“As a centre for maritime business services, London still truly lacks a comparable rival, ” he said.
He concluded by pointing out the need for any great maritime centre to enjoy strong support from its national government and city authorities and to have policy makers who treat the maritime sector “as being vital to the health of the rest of the economy.”
From: The Institute of Chartered Shipbrokers, London and South East Branch
“London v Singapore” – The sun most definitely has not set in the West!
Last night (Wednesday 11th September 2013) saw the Institute of Chartered Shipbrokers’ London and South East Branch hold their Autumn seminar in conjunction with London International Shipping Week. A capacity audience of 120 shipping industry professionals were enthralled by two very passionate presentations, the outcome confirming London’s on-going role as the predominant global shipping centre.
The seminar, titled ‘“London v Singapore” Is the sun setting in the West?’, saw Heidi Heseltine (Managing Director of Singapore & London based specialist shipping recruitment firm Halcyon Recruitment) make a very strong case for Singapore being the main shipping hub following the substantial growth in their shipping sector over the past decade. However this was not enough to persuade the audience that London had completely lost its crown, and Alan Marsh (former CEO of Braemar Shipping Services PLC), was able to demonstrate that key elements of the London market will continue to play a dominant role going forward.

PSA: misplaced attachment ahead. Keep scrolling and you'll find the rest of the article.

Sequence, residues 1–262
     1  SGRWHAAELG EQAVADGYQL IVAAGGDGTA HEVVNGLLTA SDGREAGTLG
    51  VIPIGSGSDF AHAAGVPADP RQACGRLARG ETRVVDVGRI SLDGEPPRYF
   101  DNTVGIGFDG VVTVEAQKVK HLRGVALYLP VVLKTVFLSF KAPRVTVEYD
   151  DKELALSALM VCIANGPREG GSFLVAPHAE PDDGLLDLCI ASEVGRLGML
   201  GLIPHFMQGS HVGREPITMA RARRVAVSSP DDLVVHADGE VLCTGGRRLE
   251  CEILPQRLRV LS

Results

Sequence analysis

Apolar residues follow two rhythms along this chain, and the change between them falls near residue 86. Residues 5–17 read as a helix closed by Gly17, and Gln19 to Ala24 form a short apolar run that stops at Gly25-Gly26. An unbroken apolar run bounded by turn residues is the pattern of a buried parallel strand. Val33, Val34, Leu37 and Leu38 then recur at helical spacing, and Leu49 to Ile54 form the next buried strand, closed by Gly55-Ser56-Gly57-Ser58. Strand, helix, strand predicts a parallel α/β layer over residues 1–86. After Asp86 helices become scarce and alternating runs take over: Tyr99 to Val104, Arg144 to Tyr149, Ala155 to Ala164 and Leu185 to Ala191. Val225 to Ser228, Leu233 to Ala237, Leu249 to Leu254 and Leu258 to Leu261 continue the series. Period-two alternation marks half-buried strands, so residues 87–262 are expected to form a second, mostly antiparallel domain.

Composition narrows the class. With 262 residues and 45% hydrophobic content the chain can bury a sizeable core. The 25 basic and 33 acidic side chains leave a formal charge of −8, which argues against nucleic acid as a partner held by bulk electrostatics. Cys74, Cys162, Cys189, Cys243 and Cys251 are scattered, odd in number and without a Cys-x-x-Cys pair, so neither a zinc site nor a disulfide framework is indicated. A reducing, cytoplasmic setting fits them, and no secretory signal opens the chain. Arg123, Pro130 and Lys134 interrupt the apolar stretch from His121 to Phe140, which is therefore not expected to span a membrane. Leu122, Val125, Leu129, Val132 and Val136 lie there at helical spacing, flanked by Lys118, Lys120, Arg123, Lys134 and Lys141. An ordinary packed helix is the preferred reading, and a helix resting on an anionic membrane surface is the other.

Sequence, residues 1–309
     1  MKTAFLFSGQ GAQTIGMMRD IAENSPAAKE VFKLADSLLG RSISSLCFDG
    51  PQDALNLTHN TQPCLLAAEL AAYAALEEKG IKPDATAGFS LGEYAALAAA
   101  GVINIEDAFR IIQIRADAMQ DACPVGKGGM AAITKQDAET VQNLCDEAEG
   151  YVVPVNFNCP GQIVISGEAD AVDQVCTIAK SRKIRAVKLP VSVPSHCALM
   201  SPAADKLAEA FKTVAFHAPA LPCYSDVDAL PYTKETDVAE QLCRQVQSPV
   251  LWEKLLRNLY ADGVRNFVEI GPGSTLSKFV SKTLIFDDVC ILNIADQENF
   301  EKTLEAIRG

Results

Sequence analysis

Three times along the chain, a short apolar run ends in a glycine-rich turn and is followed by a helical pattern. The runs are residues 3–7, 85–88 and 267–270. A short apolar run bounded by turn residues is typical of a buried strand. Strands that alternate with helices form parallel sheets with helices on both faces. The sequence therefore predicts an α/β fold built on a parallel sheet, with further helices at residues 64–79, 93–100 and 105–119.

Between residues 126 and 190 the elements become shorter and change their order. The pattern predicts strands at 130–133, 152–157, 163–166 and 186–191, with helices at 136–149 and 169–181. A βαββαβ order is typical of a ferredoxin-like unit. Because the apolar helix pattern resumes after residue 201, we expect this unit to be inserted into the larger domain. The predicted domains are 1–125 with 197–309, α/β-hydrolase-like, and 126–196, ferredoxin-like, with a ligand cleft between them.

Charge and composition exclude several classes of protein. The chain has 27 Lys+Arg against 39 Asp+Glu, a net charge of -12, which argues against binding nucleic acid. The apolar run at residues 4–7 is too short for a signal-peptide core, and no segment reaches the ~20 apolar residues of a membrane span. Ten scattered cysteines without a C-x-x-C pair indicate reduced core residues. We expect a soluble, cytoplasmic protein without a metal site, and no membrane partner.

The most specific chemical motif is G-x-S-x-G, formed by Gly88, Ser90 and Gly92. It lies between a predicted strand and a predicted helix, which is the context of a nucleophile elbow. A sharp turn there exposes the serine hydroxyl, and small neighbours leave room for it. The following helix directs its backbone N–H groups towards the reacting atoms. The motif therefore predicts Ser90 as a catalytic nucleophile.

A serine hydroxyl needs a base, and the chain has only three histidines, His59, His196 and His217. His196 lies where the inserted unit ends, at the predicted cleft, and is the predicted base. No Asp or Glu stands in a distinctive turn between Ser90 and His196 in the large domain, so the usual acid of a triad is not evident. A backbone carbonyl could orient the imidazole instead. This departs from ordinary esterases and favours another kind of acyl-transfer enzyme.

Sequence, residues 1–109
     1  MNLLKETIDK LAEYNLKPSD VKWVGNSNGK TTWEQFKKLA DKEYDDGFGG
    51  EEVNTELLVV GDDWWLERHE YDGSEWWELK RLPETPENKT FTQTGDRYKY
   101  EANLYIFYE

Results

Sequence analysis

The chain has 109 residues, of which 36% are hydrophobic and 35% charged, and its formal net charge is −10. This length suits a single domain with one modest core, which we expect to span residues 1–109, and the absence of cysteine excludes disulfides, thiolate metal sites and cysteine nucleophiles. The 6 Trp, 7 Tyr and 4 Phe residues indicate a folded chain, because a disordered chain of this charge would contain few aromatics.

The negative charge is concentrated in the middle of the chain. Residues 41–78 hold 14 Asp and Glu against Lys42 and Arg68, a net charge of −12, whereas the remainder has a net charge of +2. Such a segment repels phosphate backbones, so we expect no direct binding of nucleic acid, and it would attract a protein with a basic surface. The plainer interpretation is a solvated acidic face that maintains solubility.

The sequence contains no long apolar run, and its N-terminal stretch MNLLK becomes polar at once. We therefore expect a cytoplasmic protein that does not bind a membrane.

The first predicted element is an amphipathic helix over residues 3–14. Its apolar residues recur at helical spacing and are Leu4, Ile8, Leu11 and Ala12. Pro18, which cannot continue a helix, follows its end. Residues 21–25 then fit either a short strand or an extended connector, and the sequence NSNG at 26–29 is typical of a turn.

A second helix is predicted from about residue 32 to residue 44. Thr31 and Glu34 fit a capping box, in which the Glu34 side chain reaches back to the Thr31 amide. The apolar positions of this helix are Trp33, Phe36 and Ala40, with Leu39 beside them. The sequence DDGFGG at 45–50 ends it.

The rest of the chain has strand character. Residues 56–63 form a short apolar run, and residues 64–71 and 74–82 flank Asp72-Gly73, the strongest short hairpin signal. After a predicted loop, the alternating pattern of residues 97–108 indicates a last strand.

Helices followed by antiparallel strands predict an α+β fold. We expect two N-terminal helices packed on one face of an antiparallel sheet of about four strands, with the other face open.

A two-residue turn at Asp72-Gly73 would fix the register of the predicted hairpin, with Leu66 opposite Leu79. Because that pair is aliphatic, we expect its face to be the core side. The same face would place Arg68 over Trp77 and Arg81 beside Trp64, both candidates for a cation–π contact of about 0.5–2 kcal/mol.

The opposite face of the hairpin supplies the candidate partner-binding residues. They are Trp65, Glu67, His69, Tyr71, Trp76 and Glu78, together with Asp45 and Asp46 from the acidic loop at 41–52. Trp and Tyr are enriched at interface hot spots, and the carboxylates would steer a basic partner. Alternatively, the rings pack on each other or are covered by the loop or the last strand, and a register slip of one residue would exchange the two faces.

The seminar was followed by a lively drinks reception and networking session.
The Institute of Chartered Shipbrokers’ London and South East Branch would like to thank Clyde & Co for their very generous support of this event.
From: Apostleship of the Sea
London gets new port chaplain
As the shipping community gathers in London for the London International Shipping Week, seafarers’ charity Apostleship of the Sea has stressed that crew welfare must remain a top priority for the industry.